kuva
STUDIO

Tove moved into her turret studio, address Ullanlinnankatu 1, in 1944.

‘It looks terrible after the bombings, no windows, cracks everywhere, large pieces of the walls have collapsed, the stove and the radiators are destroyed. But it is still my great dream, 7.70 metres from corner to corner. And next to it is a small room where I can live.’

Tove gives a lively description of her studio in a letter to Eva Konikoff:

‘There’s a huge, decorative Jugendstil stove and a funny old door with red and green glass windows. The studio, well I could spend the rest of my life doing it up. And next to it is an asymmetrical whitewashed room where I can keep all my feminine knick-knacks, all my soft, playful, glossy and personal stuff. It has two windows beneath the roof.’


The Ullanlinnankatu studio was to become Tove’s home and working environment for several decades. It was one of her great loves from the outset, even though it was ice cold in the autumn and winter. After a few years, she was also threatened with eviction.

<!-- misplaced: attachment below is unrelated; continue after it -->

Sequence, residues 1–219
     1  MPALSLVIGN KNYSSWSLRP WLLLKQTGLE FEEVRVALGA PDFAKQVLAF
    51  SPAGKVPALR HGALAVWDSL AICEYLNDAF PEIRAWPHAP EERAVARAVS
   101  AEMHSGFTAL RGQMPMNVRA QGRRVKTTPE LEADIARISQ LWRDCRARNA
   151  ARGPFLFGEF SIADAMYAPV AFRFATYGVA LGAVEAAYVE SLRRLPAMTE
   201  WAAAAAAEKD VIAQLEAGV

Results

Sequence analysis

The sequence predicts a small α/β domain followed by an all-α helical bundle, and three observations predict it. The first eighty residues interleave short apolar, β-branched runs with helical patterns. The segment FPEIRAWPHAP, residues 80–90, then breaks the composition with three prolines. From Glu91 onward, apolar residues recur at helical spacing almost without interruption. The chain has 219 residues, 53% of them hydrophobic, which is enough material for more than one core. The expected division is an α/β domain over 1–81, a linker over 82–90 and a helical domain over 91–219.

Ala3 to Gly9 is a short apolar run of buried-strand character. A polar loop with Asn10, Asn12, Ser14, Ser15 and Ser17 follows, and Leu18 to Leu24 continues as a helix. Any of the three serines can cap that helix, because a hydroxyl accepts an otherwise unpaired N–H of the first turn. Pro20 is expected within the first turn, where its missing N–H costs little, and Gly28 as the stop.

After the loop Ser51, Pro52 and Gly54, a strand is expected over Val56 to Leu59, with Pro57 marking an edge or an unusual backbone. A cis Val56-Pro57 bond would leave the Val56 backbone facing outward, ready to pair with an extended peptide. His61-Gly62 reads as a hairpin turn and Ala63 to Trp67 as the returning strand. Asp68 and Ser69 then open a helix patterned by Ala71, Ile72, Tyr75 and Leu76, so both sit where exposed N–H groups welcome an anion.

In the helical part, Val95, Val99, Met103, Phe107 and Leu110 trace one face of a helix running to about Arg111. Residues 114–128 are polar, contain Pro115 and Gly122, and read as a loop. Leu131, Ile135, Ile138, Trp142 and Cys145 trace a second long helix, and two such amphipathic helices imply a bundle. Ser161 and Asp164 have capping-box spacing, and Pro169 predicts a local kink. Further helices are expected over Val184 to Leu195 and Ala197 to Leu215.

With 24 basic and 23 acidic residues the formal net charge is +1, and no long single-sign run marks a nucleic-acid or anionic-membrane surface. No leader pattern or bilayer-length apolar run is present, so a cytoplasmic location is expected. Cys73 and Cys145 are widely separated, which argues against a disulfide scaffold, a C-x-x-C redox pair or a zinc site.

‘I’ve tried to build a home, the perfect artist’s turret studio that I’ve dreamed of my whole life, and for which I thank the Muses every morning. And then comes this slip of paper, saying that on 1 September I have to leave for wherever I see fit. That’s the community life, the civilised city life, that I’ve always found so gauche.’

Many eviction notices arrived over the years, and it took more than ten years for her to own the turret.

In 1972, Tove was the top candidate for a place at the Porvoo Poet’s Home. She did, however, turn down this opportunity, even though she admitted that it was the greatest honour that a Swedish-speaking author could receive in Finland. Her spacious and well-lit studio in Ullanlinnankatu was her home, and she had grown attached to it. There she could find peace, lose herself in her writing and painting, and restrict her public exposure. She didn’t believe that she would be afforded the same level of solitude at the Poet’s Home. She wanted to give her place at the Poets’ Home to a writer whose ‘family life and work would make it an ideal home’.